Tuesday, July 28, 2009

Thinking about Three Isms from the Sixties

Did you like this poster when it first came out? I did, and it turns out I still do.

I've been mulling over three isms that got going in the Sixties--racism, sexism and ageism. Yes, ageism is a word that was coined in the Sixties by Dr. Robert Butler.

A lot happened with racism and sexism--words that were associated with vigorous movements for social change. After all the consciousness raising, protests, marches, dialogues and confrontations, people understood what was racist and what was sexist. They got educated. There were words you shouldn't use and ways it was not right to act.

No education of that kind ever happened with ageism, not in the Sixties or in the 40 plus years since then. It's as if the word and the social issues it represents just went into hiding for decades. So people are still uneducated about what constitutes ageism. And that includes a lot of older adults, too. Some older adults seem unwilling to acknowledge ageism, or pretend it doesn't exist. With a growing older population, isn't it time for some positive change? I think so.

Ageism was one of the main issues that propelled me into writing the play I'm currently working on, a musical about aging. The play explores social attitudes towards aging, sexuality in later years, retirement, and the surprising secrets of the aging brain among other items. It is a piece of social change theater, in which stereotypes, issues and themes can be displayed, often with humor, and sometimes with a bit of an edge. I hope it will help people to incorporate new ideas and behaviors about age and aging into their lives and the world they live in. I'm interested in changing the current Decline Paradigm of aging, and all the stereotypes about older adults that accompany that paradigm. It's a matter of self defense to begin with. All those ads--"don't let old age catch up with you!" and so forth and on and on. Who needs it? Not me, and I'm guessing, not you either.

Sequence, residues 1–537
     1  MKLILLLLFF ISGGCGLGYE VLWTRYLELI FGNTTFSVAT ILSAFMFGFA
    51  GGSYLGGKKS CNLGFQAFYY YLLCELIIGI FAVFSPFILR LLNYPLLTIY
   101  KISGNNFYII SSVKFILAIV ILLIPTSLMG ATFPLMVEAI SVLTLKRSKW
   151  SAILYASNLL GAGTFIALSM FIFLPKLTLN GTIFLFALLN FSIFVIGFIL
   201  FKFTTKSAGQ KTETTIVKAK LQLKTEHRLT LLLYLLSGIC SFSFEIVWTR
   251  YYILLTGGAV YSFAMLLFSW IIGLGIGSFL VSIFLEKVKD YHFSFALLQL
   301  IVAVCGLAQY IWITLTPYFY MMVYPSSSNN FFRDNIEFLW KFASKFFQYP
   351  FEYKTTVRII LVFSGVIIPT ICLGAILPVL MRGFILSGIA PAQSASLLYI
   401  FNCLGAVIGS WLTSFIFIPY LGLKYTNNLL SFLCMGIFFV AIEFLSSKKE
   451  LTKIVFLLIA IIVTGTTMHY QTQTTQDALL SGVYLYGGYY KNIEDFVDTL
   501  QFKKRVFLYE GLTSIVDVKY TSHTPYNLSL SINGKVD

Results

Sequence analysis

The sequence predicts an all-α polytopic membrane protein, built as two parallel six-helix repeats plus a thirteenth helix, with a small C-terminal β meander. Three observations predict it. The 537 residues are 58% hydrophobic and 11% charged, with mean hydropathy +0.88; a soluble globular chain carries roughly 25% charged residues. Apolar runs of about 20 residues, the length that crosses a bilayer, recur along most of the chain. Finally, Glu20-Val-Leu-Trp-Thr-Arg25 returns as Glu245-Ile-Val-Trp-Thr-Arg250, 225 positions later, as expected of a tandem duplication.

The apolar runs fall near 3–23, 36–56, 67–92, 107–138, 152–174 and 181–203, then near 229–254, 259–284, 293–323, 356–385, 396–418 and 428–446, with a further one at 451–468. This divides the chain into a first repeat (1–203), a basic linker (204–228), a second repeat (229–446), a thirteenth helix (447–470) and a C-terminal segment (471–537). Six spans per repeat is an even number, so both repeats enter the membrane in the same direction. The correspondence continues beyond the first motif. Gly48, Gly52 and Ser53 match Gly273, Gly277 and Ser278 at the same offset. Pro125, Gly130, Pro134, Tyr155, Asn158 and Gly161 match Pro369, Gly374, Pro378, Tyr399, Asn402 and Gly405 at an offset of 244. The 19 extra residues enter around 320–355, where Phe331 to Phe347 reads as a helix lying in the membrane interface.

This time of life has tremendous value. Old people have tremendous value. That's my rant and I'm sticking with it. I would rant on but it is a very hot day and I am ready for a picnic in the park.


  1. Ask your Indian friends what they think about this poster. I'd be curious to know.

  2. Politically incorrect? Could be. Also funny and satirical.